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William Allen Smith, An Individual v. National City Mortgage

UNITED STATES DISTRICT COURT EASTERN DISTRICT OF CALIFORNIA


May 11, 2011

WILLIAM ALLEN SMITH, AN INDIVIDUAL, PLAINTIFF,
v.
NATIONAL CITY MORTGAGE, A BUSINESS ENTITY; UNITED LENDERS GROUP, A BUSINESS ENTITY; JEFF MOORE, AN INDIVIDUAL; KONDAUR CAPITAL CORPORATION, A BUSINESS ENTITY; AND DOES I THROUGH 100, INCLUSIVE, DEFENDANTS.

ORDER GRANTING DEFENDANT PNC‟s , MOTION TO DISMISS THE SECOND,THIRD, SIXTH, AND EIGTH CLAIMS IN PLAINTIFF‟S SECOND AMENDED COMPLAINT

This matter comes before the Court on Defendant PNC Bank, National Association‟s ("PNC") Motion to Dismiss (Doc. #34) the second, third, sixth, and eighth claims in the Second Amended Complaint ("SAC," Doc. #33) filed by Plaintiff William Allen Smith ("Plaintiff"). Plaintiff opposes the motion.*fn1

I. FACTUAL AND PROCEDURAL BACKGROUND

Plaintiff alleges that Defendants National City Mortgage,*fn2 United Lenders Group ("United"), Jeff Moore ("Moore"), and Kondaur Capital Corporation ("Kondaur") fraudulently conspired 5 to induce him into an usurious loan for their financial gain and 6 that his right to cancel the loan agreement was improperly 7 reneged by PNC.

Plaintiff filed his Complaint (Doc. #1) on February 11, 2010 and PNC filed a Motion to Dismiss on May 7, 2010 (Doc. #5). Plaintiff then submitted an untimely First Amended Complaint ("FAC," Doc. #13) on July 26, 2010, which the Court allowed to be the operative pleading. PNC filed a Motion to Dismiss the FAC on August 9, 2010 (Doc. #16). On December 30, 2010, the Court issued an Order Granting in Part and Denying in Part PNC‟s Motion to Dismiss and Motion to Strike Portions of the FAC ("Order," Doc. #32). The Court denied PNC‟s Motion to Dismiss Claim 1, alleging fraud; gave Plaintiff leave to amend Claim 7, 8 alleging unjust enrichment; and granted PNC‟s Motion to Dismiss all other claims with prejudice.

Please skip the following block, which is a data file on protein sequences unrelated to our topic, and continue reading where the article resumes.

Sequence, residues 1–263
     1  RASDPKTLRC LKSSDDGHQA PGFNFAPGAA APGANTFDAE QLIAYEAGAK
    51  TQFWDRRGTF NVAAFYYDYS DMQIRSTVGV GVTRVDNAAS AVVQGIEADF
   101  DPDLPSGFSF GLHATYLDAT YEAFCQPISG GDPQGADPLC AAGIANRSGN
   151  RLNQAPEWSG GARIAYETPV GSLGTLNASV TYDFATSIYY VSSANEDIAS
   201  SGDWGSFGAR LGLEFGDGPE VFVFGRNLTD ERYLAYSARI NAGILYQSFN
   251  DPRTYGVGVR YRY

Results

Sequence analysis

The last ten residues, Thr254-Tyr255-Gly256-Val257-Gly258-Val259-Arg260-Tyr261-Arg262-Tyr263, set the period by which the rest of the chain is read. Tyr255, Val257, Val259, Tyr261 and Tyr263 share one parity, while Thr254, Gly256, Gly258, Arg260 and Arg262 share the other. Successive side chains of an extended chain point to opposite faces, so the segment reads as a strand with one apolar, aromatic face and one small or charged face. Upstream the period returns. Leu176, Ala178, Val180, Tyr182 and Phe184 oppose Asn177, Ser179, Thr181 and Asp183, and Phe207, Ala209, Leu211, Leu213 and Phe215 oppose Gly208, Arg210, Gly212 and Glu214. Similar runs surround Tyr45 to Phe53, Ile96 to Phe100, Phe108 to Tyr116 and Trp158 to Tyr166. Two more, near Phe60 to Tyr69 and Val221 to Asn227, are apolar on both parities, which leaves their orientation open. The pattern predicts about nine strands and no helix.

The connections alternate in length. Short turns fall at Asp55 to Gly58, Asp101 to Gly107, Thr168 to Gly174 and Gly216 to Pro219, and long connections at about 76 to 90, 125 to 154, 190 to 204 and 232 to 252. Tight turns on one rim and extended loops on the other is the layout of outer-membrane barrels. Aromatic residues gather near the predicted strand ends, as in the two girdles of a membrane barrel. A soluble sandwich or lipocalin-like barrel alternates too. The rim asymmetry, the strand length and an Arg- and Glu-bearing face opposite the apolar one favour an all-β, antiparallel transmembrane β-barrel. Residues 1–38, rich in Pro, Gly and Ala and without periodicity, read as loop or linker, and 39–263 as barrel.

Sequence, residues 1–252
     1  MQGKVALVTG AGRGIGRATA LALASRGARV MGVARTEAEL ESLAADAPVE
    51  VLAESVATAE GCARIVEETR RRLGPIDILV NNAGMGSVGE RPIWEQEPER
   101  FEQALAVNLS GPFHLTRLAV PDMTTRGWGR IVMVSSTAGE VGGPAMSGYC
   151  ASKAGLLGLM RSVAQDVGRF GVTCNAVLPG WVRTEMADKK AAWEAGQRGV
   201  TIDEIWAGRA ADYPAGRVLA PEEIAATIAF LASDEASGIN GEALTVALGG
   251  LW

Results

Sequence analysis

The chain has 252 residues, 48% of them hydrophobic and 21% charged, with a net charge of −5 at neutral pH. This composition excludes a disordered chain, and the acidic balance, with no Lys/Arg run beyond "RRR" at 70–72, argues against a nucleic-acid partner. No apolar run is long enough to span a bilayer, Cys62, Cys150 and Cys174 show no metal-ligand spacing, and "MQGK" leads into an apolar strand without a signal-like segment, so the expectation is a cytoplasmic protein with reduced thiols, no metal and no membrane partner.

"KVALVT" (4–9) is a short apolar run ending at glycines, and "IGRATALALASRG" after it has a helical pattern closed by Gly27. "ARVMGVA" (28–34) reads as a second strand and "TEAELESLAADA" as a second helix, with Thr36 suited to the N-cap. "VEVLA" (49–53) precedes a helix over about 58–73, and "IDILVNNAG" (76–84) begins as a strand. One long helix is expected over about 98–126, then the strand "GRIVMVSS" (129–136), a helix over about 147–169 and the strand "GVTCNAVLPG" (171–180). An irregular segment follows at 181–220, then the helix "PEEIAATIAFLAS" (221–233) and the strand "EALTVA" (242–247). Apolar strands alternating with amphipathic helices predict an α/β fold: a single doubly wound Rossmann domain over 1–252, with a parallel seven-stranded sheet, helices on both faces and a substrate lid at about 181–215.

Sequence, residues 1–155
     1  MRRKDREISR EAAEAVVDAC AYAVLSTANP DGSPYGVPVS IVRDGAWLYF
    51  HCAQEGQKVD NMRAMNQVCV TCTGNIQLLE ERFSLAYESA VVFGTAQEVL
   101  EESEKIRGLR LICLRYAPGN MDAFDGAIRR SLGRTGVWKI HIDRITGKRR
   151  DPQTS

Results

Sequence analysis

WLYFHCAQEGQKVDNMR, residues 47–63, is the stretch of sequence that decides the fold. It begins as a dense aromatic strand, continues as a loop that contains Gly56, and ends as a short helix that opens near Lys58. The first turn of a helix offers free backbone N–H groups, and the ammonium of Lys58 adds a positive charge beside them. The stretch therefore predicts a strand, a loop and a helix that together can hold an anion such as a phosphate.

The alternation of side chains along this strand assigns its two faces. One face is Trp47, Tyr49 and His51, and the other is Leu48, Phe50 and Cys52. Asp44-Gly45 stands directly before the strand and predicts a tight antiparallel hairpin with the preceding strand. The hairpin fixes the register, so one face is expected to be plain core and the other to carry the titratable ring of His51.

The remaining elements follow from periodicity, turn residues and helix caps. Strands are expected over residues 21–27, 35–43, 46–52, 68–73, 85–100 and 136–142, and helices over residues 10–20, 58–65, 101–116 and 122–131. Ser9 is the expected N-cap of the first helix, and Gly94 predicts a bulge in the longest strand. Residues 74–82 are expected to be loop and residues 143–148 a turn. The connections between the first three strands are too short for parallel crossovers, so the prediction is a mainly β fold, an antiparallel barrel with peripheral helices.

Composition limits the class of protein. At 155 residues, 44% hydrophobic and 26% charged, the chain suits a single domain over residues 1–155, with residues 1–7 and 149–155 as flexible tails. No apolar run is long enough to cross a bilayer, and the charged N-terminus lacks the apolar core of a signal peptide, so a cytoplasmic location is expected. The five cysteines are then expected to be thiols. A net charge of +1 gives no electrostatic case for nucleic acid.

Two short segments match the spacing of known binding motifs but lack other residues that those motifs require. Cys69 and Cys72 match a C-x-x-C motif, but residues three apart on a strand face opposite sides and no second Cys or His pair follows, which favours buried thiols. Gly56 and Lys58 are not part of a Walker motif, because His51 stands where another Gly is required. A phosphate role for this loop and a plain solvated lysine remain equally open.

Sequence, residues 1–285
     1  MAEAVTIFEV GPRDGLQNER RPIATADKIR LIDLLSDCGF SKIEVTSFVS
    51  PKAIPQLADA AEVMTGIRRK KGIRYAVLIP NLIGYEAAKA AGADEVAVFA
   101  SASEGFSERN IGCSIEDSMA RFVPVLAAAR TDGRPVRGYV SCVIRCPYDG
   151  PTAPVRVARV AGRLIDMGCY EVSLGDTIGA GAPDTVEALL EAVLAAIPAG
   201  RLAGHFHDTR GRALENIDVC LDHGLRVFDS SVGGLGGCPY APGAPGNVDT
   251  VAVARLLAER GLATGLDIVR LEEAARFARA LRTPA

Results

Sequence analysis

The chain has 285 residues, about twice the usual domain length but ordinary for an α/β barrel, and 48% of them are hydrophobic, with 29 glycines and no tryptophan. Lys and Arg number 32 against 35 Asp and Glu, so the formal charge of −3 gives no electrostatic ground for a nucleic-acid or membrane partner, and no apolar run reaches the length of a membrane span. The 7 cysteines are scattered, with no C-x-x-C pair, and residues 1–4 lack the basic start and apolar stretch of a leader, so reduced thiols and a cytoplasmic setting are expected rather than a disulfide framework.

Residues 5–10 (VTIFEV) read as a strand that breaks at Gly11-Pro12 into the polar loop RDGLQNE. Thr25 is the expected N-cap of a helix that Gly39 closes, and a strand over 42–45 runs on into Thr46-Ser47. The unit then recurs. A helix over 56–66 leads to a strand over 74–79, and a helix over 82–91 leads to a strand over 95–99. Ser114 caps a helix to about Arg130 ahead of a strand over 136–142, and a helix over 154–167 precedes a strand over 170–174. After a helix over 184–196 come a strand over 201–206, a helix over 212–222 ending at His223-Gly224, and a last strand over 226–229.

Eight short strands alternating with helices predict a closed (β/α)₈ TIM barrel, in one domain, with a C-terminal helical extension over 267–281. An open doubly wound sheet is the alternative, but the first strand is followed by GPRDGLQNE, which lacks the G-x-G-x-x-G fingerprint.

In the SAC, Plaintiff alleges eight causes of action:

(1) Fraud; (2) Breach of Contract; (3) Breach of Covenant of Good Faith and Fair Dealing; (4) Breach of Fiduciary Duty; (5) Negligence; (6) Unjust Enrichment; (7) Accounting; and (8) Violation of Business and Professions Code § 17200. PNC moves to dismiss Claims 2, 3, 6, and 8.

II. OPINION

A. Legal Standard

1. Motion to Dismiss

A party may move to dismiss an action for failure to state 5 a claim upon which relief can be granted pursuant to Federal Rules of Civil Procedure section 12(b)(6). In considering a 7 motion to dismiss, the court must accept the allegations in the 8 complaint as true and draw all reasonable inferences in favor of 9 the plaintiff. Scheuer v. Rhodes, 416 U.S. 232, 236 (1975), overruled on other grounds by Davis v. Scherer, 468 U.S. 183 (1984); Cruz v. Beto, 405 U.S. 319, 322 (1972). Assertions that are mere "legal conclusions," however, are not entitled to the assumption of truth. Ashcroft v. Iqbal, 129 S.Ct. 1937, 1950 (2009), citing Bell Atlantic Corp. v. Twombly, 550 U.S. 544, 555 (2007). To survive a motion to dismiss, a plaintiff needs to plead "enough facts to state a claim to relief that is plausible on its face." Twombly, 550 U.S. at 570. Dismissal is 8 appropriate where the plaintiff fails to state a claim supportable by a cognizable legal theory. Balistreri v. Pacifica Police Department, 901 F.2d 696, 699 (9th Cir. 1990).

Upon granting a motion to dismiss for failure to state a claim, the court has discretion to allow leave to amend the complaint pursuant to Federal Rules of Civil Procedure § 15(a). "Dismissal with prejudice and without leave to amend is not appropriate unless it is clear . . . that the complaint could not be saved by amendment." Eminence Capital, L.L.C. v. Aspeon, Inc., 316 F.3d 1048, 1052 (9th Cir. 2003).

B. Judicial Notice 2

PNC requests that the Court take judicial notice of the Verified Complaint with exhibits for Fraud and Fraud in the Inducement, Negligence, Imposition of a Resulting and/or Constructive Trust and Request for Temporary Restraining Order and/or Preliminary Injunction, filed on May 27, 2009 in Sacramento County Superior Court, Case No. 34-2009-00045029 (PNC‟s Req. for Judicial Notice, Exh. 1, Doc. #35-1). PNC also requests judicial notice of the Notice of Default, Election to Sell Under Deed of Trust, Notice of Trustee‟s Sale, and Trustee‟s Deed upon sale (PNC‟s Req. for Judicial Notice, Exhs. 2, 3, & 4) (Doc. #35-1). Plaintiff does not object to PNC‟s request.